The report, which can be downloaded from DECC’s website, examines the work of the Nuclear Decommissioning Authority (“the NDA”), the NLF and other bodies involved in the decommissioning and waste management of the UK civil nuclear industry. The NLF Trustees are pleased to endorse Professor Mackerron’s observation that “the turning point” in the previous history of delay, was the publication of the Government White Paper “Managing the Nuclear Legacy” in 2002 and the consequential establishment of the NDA.

The executive summary to the report acknowledges the important role of the NLF and the synergies that can be gained by the NLF and the NDA working with others whose responsibility it will be to manage the liabilities generated by new build (page 5)

We have noted comments in the report regarding Fund adequacy. It is an important part of the duties of the Trustees to seek to ensure that there are sufficient monies accumulated within the Fund to finance all the decommissioning and waste management costs that will fall to it.  Paragraphs 8.21 and 8.22 (page 96) of the report are relevant in this regard –

“8.21 The current valuation of the NLF of £8.6 billion is around double the current liability estimate of £4 billion (discounted), though its current rate of accumulation is significantly less than the discount rate applied (3%). The undiscounted value of the fund is around £12 billion. Whether the fund will be able to meet all the BE liabilities will depend on a range of factors (in addition to whether the current approach to its investment regime is maintained), including the variation in UK interest rates, the extent of any life extensions to the AGR fleet, and the degree to which the scale of the liabilities can be successfully managed.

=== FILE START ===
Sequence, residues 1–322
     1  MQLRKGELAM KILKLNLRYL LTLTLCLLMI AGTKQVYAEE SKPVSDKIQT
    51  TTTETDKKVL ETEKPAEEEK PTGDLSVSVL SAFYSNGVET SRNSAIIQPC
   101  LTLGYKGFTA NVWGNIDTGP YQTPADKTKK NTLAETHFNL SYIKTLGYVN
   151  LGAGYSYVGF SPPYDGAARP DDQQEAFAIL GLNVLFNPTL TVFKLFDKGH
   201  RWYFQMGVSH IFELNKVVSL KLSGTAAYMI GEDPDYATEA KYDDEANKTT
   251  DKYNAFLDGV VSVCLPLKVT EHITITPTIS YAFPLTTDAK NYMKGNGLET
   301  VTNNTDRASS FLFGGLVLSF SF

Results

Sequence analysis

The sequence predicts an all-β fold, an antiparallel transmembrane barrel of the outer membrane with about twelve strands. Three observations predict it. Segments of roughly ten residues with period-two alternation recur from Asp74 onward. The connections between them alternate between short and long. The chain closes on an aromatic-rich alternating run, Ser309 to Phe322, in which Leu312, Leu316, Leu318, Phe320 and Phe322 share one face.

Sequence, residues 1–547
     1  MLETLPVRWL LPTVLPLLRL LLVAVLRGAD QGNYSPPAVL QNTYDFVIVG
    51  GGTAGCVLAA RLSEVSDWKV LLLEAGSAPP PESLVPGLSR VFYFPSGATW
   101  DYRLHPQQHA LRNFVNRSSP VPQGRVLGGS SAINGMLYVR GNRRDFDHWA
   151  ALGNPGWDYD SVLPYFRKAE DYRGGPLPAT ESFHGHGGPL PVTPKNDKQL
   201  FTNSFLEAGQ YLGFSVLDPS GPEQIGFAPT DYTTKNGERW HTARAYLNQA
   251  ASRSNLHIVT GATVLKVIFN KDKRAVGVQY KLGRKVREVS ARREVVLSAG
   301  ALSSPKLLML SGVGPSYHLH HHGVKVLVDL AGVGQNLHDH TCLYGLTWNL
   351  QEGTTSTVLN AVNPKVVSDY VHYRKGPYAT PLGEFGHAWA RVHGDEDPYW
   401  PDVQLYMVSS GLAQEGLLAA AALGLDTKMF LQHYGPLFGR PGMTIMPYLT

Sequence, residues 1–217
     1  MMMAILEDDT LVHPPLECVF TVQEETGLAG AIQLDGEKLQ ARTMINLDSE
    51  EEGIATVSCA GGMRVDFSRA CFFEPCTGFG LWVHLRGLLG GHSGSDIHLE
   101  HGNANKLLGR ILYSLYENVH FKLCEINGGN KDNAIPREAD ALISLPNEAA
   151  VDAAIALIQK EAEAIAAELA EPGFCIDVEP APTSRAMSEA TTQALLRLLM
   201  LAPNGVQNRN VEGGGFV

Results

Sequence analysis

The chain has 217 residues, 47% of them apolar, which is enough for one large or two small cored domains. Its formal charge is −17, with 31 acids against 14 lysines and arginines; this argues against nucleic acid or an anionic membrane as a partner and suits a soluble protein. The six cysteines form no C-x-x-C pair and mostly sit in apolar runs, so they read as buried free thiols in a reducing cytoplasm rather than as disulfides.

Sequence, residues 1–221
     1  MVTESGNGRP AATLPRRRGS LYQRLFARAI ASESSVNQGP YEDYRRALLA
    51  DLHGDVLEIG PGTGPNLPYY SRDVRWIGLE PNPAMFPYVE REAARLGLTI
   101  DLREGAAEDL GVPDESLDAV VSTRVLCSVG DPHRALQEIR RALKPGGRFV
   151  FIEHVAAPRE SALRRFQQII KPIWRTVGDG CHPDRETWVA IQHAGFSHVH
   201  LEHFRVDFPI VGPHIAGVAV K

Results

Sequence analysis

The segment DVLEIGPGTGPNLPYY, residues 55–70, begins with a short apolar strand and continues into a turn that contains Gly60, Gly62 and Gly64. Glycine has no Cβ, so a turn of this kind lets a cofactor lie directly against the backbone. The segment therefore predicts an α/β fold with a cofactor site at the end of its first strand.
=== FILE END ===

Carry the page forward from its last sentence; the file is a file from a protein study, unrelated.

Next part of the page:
8.22  The risk is that if the fund is insufficient, the advantages of the (segregated) funding model would be lost, there would be a reputational impact in terms of the nuclear sector having been seen not to have “paid its way”, and future taxpayers would need to pick up the remaining liability. However, Government sees value, particularly in the present macro-economic climate, in using the NLF to reduce the amount of borrowing that the public sector needs to undertake in the short term, thus somewhat reducing future taxpayer liabilities. It is beyond the scope of this report to assess the relative merits of these approaches to the NLF’s investment policy”.

Furthermore, the executive summary which sets out the main lessons from the study concludes with the following –

“Current policy requires the NLF to invest almost wholly in the National Loans Fund, offering relatively low returns but at the same time reducing the Government’s overall debt in the short-term. This approach has implications for the likelihood that the fund will be able to cover all relevant liabilities in the longer term”.

We believe that the report is a useful and timely assessment of the history of decommissioning and waste management in the UK and provides helpful lessons that can benefit everyone engaged in this important   work. For our part, we will continue to engage with Government, the NDA, EDF and others to ensure that the Fund fulfils its purpose.